2. You know physicians, attorneys and other professionals socially. Personal injury clients typically do not, but they would feel much more secure knowing that they had someone in their corner they could think of as “my attorney.” Giving them permission to think of you that way increases the chances they will call when they, their family members or friends get injured. The second paragraph of your letter can state, “In the future, please feel free to think of me (us) as your personal injury attorney(s). Please call me (us) when you, a friend or family member get injured. I am (We are) here to help.”

3. When they need you, you want your Clients of the Future to be able to find your telephone number in three strategic locations: their glove compartment, their wallet behind their drivers license and their refrigerator. (The refrigerator provides ready availability when a friend calls reporting that they have been injured in an accident.)

So you should enclose in your letter an information card for the glove compartment, a business card that includes the words “Keep This In Your Wallet Behind Your Drivers License” and a business card refrigerator magnet. The third paragraph of your follow-up letter can state, “We are enclosing a refrigerator magnet, a glove compartment information card and a business card for your wallet.”

4. If you have a client newsletter, you should enclose a copy with your letter. The final paragraph of your letter should note the inclusion of the newsletter and inform your Clients of the Future that they will be receiving a free issue quarterly. For example, “I am enclosing a copy of our client newsletter. We will be sending you a free copy every three months. We hope you enjoy it.” (Be certain that your Client of the Future’s name and address are entered in your mailing list).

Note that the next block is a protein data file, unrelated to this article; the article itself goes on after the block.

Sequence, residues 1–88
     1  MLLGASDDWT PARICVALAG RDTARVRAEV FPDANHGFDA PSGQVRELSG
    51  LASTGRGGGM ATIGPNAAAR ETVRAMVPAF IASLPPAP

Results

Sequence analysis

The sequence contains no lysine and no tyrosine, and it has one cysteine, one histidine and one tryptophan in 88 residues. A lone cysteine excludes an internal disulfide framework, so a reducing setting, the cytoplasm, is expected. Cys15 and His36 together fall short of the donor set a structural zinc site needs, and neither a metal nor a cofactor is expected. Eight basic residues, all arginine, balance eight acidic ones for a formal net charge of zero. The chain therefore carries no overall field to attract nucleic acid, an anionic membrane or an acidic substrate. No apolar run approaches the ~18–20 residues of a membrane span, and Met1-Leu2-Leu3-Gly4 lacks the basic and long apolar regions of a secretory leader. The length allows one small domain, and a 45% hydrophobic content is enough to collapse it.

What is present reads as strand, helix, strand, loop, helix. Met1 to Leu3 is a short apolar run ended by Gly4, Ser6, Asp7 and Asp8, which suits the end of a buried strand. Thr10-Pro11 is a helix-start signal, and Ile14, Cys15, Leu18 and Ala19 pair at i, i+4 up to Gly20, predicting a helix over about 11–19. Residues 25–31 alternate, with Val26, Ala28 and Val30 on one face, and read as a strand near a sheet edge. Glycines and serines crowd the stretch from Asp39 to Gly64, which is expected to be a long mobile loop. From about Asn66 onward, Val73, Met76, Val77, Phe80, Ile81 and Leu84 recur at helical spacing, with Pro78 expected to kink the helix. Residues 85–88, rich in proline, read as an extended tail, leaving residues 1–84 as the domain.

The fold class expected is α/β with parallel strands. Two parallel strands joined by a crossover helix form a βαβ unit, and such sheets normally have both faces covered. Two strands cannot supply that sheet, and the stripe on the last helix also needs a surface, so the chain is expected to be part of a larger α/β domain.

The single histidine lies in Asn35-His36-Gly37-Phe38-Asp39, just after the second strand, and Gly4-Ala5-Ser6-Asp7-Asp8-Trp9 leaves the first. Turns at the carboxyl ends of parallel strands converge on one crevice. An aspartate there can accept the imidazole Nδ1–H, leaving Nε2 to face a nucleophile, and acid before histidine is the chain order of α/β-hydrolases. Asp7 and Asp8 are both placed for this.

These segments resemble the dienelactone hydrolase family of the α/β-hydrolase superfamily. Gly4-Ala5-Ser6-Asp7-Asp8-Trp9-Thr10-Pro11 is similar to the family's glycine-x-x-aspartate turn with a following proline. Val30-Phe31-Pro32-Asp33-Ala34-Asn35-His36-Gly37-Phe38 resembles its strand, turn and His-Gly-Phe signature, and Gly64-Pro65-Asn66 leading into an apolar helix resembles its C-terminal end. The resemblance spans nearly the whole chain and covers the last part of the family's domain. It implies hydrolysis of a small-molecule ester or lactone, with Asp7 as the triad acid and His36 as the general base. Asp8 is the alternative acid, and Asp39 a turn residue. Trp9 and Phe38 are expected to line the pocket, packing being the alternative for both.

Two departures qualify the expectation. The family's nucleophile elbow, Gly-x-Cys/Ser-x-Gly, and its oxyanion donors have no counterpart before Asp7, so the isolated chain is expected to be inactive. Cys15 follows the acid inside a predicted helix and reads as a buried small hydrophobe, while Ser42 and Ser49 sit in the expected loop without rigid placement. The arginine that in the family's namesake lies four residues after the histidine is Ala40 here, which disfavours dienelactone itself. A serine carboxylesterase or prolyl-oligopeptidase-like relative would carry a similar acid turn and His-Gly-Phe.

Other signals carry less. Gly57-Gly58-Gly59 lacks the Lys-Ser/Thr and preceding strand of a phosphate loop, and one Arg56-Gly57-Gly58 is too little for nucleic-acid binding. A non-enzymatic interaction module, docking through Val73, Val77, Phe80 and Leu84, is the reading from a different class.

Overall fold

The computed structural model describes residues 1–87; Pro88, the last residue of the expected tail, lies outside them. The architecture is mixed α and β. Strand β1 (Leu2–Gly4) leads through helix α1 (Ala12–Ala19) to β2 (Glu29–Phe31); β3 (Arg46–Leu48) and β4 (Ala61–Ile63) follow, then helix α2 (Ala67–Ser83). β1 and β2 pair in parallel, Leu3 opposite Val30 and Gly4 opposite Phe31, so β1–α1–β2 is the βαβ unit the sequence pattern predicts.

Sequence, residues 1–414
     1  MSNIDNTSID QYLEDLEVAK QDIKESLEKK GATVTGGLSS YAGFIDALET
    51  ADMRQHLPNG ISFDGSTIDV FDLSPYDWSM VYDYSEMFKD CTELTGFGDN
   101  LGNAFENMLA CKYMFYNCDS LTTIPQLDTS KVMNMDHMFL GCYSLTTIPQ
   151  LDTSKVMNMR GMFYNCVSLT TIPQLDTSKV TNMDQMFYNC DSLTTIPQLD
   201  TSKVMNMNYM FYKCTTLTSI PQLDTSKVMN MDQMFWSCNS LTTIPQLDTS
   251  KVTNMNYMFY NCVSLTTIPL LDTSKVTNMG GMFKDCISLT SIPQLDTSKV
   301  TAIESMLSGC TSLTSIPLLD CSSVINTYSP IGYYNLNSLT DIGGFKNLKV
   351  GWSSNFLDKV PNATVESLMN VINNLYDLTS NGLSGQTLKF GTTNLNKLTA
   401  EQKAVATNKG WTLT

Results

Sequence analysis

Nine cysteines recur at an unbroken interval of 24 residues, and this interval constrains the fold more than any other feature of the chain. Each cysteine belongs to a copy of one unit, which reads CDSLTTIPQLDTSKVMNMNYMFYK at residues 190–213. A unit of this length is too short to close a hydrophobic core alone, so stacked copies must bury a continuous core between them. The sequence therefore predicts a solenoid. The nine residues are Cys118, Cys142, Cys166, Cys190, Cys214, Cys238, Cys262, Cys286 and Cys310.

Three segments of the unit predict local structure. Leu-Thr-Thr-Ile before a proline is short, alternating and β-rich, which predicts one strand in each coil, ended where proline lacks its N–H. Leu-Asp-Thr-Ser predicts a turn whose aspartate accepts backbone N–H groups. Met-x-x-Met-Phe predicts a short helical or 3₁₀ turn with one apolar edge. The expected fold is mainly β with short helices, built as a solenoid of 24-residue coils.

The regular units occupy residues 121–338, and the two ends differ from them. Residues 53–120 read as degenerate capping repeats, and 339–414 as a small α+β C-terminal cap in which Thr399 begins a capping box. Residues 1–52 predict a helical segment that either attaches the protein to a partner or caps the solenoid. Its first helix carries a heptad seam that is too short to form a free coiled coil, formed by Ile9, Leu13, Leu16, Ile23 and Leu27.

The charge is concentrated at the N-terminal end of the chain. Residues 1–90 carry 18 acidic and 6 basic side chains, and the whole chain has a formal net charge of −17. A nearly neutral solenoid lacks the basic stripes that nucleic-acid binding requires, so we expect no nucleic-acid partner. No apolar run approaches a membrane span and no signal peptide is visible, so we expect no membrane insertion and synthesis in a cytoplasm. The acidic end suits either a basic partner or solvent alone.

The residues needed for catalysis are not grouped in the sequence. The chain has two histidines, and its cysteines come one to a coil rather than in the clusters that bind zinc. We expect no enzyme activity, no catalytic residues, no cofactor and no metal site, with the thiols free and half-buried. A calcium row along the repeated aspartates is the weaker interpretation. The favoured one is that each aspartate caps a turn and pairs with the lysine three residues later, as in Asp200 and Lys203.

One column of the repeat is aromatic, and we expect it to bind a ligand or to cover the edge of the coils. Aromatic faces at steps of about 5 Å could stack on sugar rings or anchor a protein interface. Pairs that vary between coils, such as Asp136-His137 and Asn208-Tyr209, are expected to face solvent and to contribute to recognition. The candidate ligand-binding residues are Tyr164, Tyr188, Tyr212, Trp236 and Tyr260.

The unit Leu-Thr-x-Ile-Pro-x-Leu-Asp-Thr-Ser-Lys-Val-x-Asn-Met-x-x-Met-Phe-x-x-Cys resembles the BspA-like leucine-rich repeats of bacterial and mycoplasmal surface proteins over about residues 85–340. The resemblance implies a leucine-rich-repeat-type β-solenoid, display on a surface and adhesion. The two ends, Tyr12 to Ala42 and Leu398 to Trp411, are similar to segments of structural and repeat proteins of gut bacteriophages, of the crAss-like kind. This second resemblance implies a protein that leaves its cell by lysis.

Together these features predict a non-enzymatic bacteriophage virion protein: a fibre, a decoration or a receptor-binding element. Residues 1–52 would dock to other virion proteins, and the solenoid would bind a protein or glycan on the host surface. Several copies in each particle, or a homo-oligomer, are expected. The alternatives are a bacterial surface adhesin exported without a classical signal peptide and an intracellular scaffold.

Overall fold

5. If your state bar or trial lawyers association publishes an apt consumer information brochure, you should enclose a copy.

6. In a postscript, you can add the date when the statute runs on the matter they called about or other pertinent information.

The best way to assure that your Clients of the Future letters actually get mailed is to have a template entered in your word processing application. Also, have a clerk stuff fifty or more Number 9 envelopes with the enclosures I mentioned. Then, all you have to do is give the names and addresses of your Clients of the Future to your secretary, have her run off the letter, stuff it in an envelope along with a Number 9 envelope containing the enclosures and mail it. (A Number 9 envelope is a slightly smaller version of the standard Number 10 business envelope. You do not need to imprint it with your return address.)

Long-Term Follow-up:

Keeping in touch with Clients of the Future helps keep them in touch with you. Your best bet for doing that is a quarterly client newsletter. Your newsletter should contain useful, helpful information such as safety tips and product recalls.

Long-term, newsletter follow-up with Clients of the Future is one of the most cost effective ways to generate sign-ups.

Closing Comments

1. Once the system is set up, your Clients of the Future program takes very little time.  Make certain everyone who screens calls in your office participates.

2. Check state bar regulations to make certain the Clients of the Future technique complies in your jurisdiction. You may need to add a legend such as “attorney advertising” to your follow-up letter.

3. Do not include any caller you feel would be difficult to work with as a client.

Like all practice development techniques, Clients of the Future is a numbers game.  Not every Client of the Future will become a client or refer a case. Nevertheless, if you use the Clients of the Future program consistently, you will turn as much “garbage” into gold as you possibly can.

About Bill Speizman

Bill is not an attorney. He is a business consultant. He is the only business consultant in the country who has worked exclusively with members of the plaintiffs bar for more than two decades. Bill received his bachelor’s degree from Northwestern University and his master’s degree from Columbia University. If you have any questions or comments, you can contact Bill at wlspeizman@gmail.com.


Copyright 2007 William L. Speizman